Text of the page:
The New Year holiday atmosphere is
hovering in the air. Well wishes and cards are being conveyed everywhere.
Banks are robustly advertising money
transfer options offering quick deliveries. Ethiopians in the Diaspora are
remitting veritable fortunes in hard currency, with service charges trickling
down tolocal banks.
Annual windfalls seem to be fetching
happiness and pleasure for dependent families, although not all members of
families spend their money wisely and thriftily. The deceptive traps into which
many fall are too numerous.
The temptation for squandering money
is fanned by the ubiquitous commercials that fill airtime on electronic media,
broadcast by journalists that seem to equate their voices to their brains. As
usual, it is wining, dining, and merrymaking to the heart’s content that is
Doorways of big hotels, restaurants,
and city centres are adorned with Christmas trees, flickering electric bulbs,
and folded drapes hanging down from shopping windows. Some shops, where garments
and footwear are displayed for sale, offer discounts, although some of them
never had any price tags on them prior to the holiday shopping spree.
In spite the holiday spirit that
drenches Ethiopia, the Ethiopian New Year trails behind the rest of the world by
at least seven years and nine months. Some people take this difference as a
blessing in disguise because Ethiopians in the Diaspora remit money through the
banks twice. Indeed, the banks, if judged by their current tantalising
commercials, seem to be making hay, while the sun is still shining.
Speaking of sunshine, many people
agree with celebrating the New Year at the dawning of the spring season in
September, after a three-month rainy season. In fact, nature’s benevolence,
reflected by the beautiful meskel flower, seems to endorse the Ethiopian New
Year as the appropriate time to start the calendar.
But, then again, the earth has a
spherical shape. The whole world starts its New Year as of the first of January,
except for a few countries like Ethiopia.
There may not be any problem with
starting the New Year in the second week of September. But, for all intents and
purposes, there is no convincing logic, many people argue, for not synchronising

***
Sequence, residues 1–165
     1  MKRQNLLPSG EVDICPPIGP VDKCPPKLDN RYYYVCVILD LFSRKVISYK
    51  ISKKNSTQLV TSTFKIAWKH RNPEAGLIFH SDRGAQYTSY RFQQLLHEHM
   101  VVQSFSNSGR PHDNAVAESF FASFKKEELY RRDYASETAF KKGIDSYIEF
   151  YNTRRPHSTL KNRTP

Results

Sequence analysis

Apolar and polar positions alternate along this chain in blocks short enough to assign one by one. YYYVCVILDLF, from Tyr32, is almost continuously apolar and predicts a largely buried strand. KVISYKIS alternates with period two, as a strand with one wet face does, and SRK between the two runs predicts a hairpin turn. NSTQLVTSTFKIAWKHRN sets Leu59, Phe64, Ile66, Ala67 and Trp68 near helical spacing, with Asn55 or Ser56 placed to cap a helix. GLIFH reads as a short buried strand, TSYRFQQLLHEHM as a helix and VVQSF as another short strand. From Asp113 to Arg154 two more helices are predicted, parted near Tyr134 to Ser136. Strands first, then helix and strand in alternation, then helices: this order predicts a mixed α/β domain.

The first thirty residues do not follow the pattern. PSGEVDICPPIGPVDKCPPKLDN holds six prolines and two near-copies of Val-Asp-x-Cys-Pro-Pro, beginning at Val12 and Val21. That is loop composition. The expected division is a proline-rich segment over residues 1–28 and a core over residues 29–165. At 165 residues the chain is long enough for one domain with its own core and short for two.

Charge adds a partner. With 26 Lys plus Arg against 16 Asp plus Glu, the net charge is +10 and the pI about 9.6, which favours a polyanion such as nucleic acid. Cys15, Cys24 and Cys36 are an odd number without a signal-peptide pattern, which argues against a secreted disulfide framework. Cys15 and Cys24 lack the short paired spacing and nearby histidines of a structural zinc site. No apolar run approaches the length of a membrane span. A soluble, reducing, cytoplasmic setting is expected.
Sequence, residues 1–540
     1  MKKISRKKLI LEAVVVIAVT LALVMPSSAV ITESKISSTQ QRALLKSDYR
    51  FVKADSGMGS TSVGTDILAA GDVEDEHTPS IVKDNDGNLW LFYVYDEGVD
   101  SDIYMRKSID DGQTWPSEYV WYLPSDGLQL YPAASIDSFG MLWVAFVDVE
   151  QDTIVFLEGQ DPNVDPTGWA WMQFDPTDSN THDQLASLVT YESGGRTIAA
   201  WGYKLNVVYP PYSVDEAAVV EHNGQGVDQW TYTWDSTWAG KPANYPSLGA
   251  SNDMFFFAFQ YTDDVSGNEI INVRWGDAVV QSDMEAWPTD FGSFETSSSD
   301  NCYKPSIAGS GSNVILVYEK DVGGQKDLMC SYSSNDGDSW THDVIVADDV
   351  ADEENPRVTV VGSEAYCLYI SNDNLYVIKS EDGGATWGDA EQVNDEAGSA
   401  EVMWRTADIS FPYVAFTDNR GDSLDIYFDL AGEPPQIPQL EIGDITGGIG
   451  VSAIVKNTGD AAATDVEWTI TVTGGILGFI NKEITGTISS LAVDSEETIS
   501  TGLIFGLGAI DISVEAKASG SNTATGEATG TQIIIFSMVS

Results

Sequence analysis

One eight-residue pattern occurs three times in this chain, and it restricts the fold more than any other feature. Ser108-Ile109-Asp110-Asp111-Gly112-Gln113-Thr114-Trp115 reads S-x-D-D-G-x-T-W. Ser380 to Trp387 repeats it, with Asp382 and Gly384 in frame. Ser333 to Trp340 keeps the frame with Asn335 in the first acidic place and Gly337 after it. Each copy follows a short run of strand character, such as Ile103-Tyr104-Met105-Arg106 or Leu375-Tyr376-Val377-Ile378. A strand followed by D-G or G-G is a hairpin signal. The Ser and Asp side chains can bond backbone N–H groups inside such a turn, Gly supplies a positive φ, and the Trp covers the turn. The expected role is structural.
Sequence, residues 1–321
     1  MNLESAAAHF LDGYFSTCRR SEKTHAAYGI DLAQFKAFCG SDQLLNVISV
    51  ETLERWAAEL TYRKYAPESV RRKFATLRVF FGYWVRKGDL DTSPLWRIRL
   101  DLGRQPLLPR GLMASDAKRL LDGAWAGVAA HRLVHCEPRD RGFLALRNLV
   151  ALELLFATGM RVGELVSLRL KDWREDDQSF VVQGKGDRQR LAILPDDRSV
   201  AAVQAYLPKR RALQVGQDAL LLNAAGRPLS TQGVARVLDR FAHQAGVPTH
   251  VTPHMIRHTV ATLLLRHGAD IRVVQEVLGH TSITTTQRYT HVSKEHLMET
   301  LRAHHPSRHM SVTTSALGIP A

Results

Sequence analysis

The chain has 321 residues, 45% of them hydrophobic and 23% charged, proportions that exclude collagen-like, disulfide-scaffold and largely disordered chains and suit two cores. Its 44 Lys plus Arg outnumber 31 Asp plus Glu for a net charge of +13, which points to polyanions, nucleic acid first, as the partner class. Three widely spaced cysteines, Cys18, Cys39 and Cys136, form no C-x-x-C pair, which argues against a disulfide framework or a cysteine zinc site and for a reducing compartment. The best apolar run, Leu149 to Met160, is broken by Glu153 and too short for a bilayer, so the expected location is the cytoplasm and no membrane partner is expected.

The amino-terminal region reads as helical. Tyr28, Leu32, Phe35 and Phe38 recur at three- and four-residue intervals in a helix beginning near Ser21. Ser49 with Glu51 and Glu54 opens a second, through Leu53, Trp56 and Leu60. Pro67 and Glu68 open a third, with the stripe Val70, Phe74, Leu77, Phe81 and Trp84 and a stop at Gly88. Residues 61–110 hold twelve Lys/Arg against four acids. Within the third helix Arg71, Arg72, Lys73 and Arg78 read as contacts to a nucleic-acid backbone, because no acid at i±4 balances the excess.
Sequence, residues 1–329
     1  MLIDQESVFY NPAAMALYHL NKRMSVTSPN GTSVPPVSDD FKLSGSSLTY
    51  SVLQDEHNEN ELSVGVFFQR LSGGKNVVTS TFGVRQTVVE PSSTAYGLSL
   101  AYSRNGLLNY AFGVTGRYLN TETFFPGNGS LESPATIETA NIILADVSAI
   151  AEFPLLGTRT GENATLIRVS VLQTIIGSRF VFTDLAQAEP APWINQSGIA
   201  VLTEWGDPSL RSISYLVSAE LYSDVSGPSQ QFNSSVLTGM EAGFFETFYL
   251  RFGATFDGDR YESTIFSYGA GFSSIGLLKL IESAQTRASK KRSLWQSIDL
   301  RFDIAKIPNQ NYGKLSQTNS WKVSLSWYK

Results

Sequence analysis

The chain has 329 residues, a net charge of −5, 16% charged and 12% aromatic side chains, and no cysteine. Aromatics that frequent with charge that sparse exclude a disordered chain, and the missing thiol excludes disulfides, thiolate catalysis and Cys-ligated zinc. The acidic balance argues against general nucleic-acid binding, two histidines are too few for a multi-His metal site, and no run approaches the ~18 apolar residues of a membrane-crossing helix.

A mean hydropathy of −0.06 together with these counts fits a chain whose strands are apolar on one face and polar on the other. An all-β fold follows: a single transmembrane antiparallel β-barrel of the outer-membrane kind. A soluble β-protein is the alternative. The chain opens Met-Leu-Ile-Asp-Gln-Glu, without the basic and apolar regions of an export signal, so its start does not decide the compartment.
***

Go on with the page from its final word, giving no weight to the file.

fiscal calendars in Ethiopia with that of the rest of the world.
Ethiopia is now an economically
emerging country that deals with the International Monetary Fund (IMF), the
World Bank Group (WBG), and various international nongovernmental organisations
(NGOs). Accordingly, it has transacting institutions that open and close their
accounting books in January and December respectively.
A fiscal calendar is nothing but a
timetable that divides the year into 12 months, showing the beginning and the
end of a budget year plan. In fact, nature supports the Western world or the
European fiscal calendar against that of Ethiopia, in particular. December
happens to be the time of harvest when farmers make money in Ethiopia.
December and January are the months
that weddings and festivals are lavishly thrown by farmers and businessmen who
find the season convenient, even for travelling from place to place.
As telecommunications planning
experts, this writer and a friend of his had to take pains to convert the annual
performance reports, which were received in the Ethiopian fiscal quarterly
periods, into the Gregorian fiscal calendar year, as the accounts had to be
settled and reported subsequently to the International Bank for Reconstruction &
That was not all. Annual reports
from the IBRD had to be converted to match the Ethiopian budget year.
Many NGOs, dealing with the relevant
ministries and project offices, either withhold the matching funds until their
respective heads of office abroad release the money, or the pertinent personnel
have to be waited for until they return from their annual holiday coactions.
As it stands, Ethiopia depends on
its agricultural products for its foreign exchange earnings. Obviously, the
international transactions are not only accounted for in accordance with the
internally accepted, recognised, and standardised fiscal calendar, but they also
compete with other countries in terms of financial performance.
The country’s economic growth
achievements in each sector can be reflected on the basis of similar parameters
that can easily be reported without having to do cumbersome computations.
A simple example is the
representation of the volume of forecasted or expected yields of harvests in any
given year. One has to write two consecutive years like 2010/11 for last year’s
yield or 2011/12 for the coming year’s expected harvest.
While defending a senior essay full
of data converted into the Gregorian fiscal calendar, this writer once got cold
feet when asked why Ethiopia chose the month of July to be the opening balance
date for its annual budget and not January, instead. The only thing to do was a
simply shrug the shoulders and look sheepish for lack of any tangible paradigm
as a response.
Another aspect of the benefits of
synchronising the Ethiopian government’s fiscal calendar with the rest of the
world pertains to the growing role that the country plays in the social and
political forums among African countries and the rest of the world.
After all, even the Julian calendar
that renders the country over half a dozen years behind other countries is an
imported one, although adjustments were made in due course. There should be no
reason why Ethiopia remains always trailing behind its counterparts in terms of
fiscal calendars, if not adopting the Gregorian calendar in general.